Home Depot Inc. saw its Q3 net income fall 27% as same store sales were down 6.2% Y/Y and the housing slump continued to hurt profits at the nation's largest home improvement store. Shares fell 3.06% in pre-market action on the news; through Monday Home Depot was down 29% YTD, well on the way to its third consecutive annual loss in share value. Net income was $1.09 billion, good for EPS of $0.60, versus net income of $1.49 billion and EPS of $0.73 a year ago. Aggressive share repurchases by Home Depot kept EPS down less (-21.6%) than overall net income (-27%). Earnings from continuing operations came in at $0.59; on that basis, Wall Street was expecting earnings of $0.60 per share. Sales fell 3.5% to $18,96 billion, versus $19.65 billion a year earlier. Analysts were expecting sales of $19.43 billion. The company now expects earnings from continuing operations to fall by as much as 11% in FY2007. In September, sales of previously-owned U.S. homes were reported at at-least an eight-year low (records first started being kept in 1999), while housing starts fell to a 14-year low in October (full story). Falling home sales have hit Home Depot especially hard as demand has declined sharply for cabinets, bathroom and kitchen renovations. Home Depot has also lost market share to largest competitor Lowe's on poor customer service, something the company is spending $2 billion on during the current fiscal year to rectify. Reflecting on his company's latest results, CEO Frank Blake said, "We are facing a tough environment as housing indicators continue to deteriorate. Our financial performance in the third quarter reflects these tough conditions," (full earnings call transcript later today).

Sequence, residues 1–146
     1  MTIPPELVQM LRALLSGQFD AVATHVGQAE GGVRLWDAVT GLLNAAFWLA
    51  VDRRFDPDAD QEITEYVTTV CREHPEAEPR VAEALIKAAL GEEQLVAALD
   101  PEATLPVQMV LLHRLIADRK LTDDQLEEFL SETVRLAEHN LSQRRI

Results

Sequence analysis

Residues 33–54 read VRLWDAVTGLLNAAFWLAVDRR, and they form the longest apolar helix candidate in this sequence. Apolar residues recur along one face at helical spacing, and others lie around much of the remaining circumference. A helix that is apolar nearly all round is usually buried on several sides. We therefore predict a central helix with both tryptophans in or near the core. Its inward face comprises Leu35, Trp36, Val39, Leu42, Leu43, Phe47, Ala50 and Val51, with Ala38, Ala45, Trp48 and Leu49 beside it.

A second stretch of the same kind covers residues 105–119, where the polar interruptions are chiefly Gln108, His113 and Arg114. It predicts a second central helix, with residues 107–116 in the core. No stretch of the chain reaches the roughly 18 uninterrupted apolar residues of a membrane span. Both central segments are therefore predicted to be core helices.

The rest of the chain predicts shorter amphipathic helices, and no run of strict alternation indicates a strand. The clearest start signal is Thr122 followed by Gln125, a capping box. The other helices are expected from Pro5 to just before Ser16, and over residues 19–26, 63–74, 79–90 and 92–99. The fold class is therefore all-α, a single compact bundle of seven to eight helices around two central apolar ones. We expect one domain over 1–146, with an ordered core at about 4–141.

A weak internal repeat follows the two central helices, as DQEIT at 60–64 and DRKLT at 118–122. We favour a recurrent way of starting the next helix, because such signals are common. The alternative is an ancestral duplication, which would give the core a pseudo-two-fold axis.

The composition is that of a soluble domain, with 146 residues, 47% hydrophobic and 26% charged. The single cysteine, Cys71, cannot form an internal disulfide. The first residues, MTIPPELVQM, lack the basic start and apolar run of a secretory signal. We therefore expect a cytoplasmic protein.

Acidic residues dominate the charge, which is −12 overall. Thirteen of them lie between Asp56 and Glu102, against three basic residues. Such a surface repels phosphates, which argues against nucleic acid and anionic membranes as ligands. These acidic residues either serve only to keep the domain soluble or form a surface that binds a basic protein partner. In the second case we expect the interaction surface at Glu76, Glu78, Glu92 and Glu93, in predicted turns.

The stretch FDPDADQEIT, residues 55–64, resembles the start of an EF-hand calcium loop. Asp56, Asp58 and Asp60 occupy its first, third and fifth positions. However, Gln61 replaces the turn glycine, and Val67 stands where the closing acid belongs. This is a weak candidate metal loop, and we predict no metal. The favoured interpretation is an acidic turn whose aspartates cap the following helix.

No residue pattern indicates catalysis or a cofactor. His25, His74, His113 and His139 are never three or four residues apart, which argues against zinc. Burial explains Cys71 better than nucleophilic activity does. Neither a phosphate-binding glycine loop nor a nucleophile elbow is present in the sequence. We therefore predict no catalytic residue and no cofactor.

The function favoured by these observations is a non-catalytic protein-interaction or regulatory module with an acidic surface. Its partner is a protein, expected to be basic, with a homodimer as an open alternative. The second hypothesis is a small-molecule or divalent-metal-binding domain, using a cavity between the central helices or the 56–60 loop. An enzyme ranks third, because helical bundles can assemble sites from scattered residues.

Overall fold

Commentary: Home Depot: A Buy at Current Levels? • Home Depot Bumps Up EPS Guidance Post-Buyback • Home Depot Slashes Unit Sale Price By 18%
Stocks/ETFs to watch: HD. Competitors: LOW. ETFs: RTH, XLY, XHB, VCR
Earnings call transcript: The Home Depot Q2 2007
Seeking Alpha's news briefs are combined into a pre-market summary called Wall Street Breakfast. Get Wall Street Breakfast by email -- it's free and takes only seconds to sign up.